Over $13 million has gone into Antonio Villaraigosa’s campaign coffers since 2013, from just five families: Broad (KB Homes, AIG “too big to fail” insurance), Hastings (Netflicks), Riordan (Republican ex-mayor of LA), Bloomfield (home-grown SoCal Libertarian-Conservatives), and Bloomberg (mayor of … NYC?). Four of these families have given over one million dollars each and the Hastings have given over seven million.
They must feel a Villaraigosa governorship will be very valuable for their personal business interests. Why?
What will a Tuck Superintendency do for them? Broad and home-grown Libertarian Bloomfield each think Tuck’s candidacy is worth more than one million dollars. Along with Bloomberg, Scully (high-tech investor), Hastings and Riordan, these six families have collectively contributed over $3m to his campaigns since 2013.
Table I shows the donations of nine select High Rollers over the past four years. The top of the chart shows targeted donations to specific individual’s campaigns. The list reads like a cheerleader section for privatization. These are the legislative army that would champion substituting a middle class of public servants in favor of private for-profit interests (even if nominally not-for-profit (NFP); that means only that profits must return to the business with no regard to equity or fairness. The CEO/money manager of Aaron Sosnick’s NFP “Community Partners”, for example, earns nearly $400,000 – for nominally half-time work).
(For a clearer view of Table I: What do Big Donors support)
Of particular note is the section on Table IB showing donations to PACs, legislative campaigns and generalized campaign support. NYC’s Mayor Bloomberg has been very attentive to California’s public health policy. His focus on public health is admirable, but finagling policy in a state 3,000 miles distant does bring new meaning to the concept of “fly-over states”.
Beyond direct contributions to specific individual political campaigns, giving is actually accomplished via myriad routes.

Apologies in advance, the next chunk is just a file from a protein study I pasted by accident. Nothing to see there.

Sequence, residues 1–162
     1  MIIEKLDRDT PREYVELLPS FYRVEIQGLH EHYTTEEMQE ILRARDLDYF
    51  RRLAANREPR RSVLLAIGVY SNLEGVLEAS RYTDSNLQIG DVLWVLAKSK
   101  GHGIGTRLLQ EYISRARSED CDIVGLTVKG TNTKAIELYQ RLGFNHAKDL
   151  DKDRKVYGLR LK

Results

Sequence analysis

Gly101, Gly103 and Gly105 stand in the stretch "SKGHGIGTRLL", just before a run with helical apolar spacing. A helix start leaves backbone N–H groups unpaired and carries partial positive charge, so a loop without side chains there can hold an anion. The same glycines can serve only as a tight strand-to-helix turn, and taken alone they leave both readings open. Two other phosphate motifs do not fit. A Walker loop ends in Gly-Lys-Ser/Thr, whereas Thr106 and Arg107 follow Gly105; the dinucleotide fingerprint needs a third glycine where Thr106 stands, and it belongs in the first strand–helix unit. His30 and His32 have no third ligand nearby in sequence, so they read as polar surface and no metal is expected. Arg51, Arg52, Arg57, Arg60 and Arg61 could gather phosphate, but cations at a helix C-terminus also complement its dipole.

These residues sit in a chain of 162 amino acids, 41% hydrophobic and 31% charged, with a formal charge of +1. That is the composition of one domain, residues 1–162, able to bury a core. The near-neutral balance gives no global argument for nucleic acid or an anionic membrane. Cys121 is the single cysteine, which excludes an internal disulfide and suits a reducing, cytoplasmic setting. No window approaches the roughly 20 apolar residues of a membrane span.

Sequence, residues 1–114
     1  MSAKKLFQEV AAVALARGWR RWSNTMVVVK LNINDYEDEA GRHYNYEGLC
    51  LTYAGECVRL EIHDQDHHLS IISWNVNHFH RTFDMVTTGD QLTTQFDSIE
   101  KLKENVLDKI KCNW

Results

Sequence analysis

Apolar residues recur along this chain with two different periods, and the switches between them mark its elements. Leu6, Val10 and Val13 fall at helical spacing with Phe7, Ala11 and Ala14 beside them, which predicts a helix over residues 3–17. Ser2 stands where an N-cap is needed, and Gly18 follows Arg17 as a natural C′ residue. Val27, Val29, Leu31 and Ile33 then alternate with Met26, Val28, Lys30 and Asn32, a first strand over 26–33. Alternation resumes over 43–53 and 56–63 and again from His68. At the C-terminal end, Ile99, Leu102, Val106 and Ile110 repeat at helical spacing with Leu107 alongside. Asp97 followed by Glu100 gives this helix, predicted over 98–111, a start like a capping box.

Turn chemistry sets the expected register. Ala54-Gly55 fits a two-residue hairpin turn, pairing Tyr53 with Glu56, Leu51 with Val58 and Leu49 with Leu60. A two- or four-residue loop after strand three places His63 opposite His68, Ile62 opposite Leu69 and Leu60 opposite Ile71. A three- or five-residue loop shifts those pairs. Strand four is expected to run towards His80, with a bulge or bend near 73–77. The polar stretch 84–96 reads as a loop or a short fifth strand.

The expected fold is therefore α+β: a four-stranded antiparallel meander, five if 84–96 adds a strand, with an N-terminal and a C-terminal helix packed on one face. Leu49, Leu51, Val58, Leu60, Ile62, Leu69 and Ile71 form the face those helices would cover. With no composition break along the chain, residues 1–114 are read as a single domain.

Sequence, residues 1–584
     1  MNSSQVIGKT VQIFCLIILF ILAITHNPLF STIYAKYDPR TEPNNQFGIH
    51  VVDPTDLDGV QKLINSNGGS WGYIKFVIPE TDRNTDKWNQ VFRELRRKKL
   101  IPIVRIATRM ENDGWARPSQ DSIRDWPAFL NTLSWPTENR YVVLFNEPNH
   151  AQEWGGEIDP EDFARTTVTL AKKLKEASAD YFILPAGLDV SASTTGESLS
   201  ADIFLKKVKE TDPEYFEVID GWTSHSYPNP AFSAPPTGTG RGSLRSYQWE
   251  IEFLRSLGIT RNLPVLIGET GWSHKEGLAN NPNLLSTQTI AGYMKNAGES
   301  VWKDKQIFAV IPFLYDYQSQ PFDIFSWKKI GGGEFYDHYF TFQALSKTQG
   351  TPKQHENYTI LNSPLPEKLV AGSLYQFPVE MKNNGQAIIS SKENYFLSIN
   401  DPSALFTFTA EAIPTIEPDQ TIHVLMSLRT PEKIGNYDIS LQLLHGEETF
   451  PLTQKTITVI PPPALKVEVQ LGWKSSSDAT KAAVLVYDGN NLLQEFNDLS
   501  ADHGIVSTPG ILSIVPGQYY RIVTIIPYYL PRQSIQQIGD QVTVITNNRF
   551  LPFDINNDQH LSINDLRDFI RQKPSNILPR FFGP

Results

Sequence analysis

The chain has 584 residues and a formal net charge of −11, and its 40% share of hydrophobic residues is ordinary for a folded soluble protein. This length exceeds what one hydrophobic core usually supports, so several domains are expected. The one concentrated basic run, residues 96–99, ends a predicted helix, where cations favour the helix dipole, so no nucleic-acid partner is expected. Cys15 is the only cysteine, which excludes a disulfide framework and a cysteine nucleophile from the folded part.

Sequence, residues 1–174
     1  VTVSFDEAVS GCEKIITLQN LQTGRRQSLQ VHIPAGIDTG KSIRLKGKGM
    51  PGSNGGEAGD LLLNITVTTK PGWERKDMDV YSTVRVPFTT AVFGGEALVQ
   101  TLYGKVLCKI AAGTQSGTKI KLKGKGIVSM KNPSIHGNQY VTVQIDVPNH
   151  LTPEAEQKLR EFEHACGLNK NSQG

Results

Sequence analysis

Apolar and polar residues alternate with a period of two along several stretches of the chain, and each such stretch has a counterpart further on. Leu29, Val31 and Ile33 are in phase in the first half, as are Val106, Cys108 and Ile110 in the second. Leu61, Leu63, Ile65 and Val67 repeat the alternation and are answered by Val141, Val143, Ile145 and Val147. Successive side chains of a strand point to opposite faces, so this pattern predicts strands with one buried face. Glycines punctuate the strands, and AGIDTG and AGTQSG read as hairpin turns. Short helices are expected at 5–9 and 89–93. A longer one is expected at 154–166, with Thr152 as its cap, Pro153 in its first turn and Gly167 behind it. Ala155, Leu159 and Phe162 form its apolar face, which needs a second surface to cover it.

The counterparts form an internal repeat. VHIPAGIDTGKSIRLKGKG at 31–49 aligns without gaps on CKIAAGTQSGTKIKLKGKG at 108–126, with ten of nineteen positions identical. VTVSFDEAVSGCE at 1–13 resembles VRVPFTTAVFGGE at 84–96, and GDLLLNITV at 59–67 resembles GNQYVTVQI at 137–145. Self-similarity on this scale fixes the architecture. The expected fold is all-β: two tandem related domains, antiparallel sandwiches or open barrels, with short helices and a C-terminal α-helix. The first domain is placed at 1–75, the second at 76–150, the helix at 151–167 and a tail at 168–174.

One (of several) monster-PACs devoted to things Educational is Edvoice; their PAC is called, reductively, “For The Kids”. Last year (2017-18), just eight families contributed nearly $8m to this PAC (see Table II),
with $2.4m coming from the Waltons. In turn this PAC contributed $7.4m to Marshall Tuck’s campaign directly (see Table III),
with more than $1m going to unspecified campaign support (see Table IV).
The same tiny crew keep boosting this same losing crowd. It does really beg the question of whether “winning” and “losing” is linked to actual policy theories and plans, ideology. Or whether instead the evidence suggests that since you can be roundly defeated and apparently just come back all over again, energizer-bunny style, with ever more money in your pocketsies to eventually nab a “win” – it just begs the question of what actually flips a vote: political platform, money, or shameless persistence?
There’s plenty of good, direct reason to reject Marshall Tuck. Please note the SD Free Press’ Jim Miller’s call-out of the underlying right-wing radical policies of Marshall Tuck (note the “Republican” expenditures in table IV to party and political organizations; Table IV expenditures overlap (are not independent of) all donations reported in Table III). And consider Marshall Tuck’s unsavory allies. But more substantively, as an educational ‘school turn-around’ administrator Marshall Tuck’s record fares no better than his failed elective efforts. Tuck’s leadership at Villaraigosa’s Partnership for LA Schools (PLAS) is characterized by metrics that lag behind LAUSD’s benchmarks.
If Tuck’s never taught, he can’t lead and he can’t even exceed a level of success that is considered base-line, then why is he being considered for the State’s highest Education post; what canhe do??
Clearly he can rake in the big bucks from the same crowd that recklessly promotes Villaraigosa. They are tied to the same failed ideology of school reform (aka “Charter Schools” or privatization of the Commons) by the same self-serving boosters of it.
This public-private partnership riff seems set to serve the private side nicely – at least they demonstrably believe so. But the public edge seems less convinced. Marshall Tuck received fewer than 2/3 the primary votes of Tom Torlakson in 2014. And Villaraigosa has been scrabbling steeply from pyramid-scheme consultant towater-carrier for the privatization class.
How to drain the Multi-Level Marketer in chief is anybody’s guess. But there’s no question about who should be Superintendent: VOTE FOR TONY THURMOND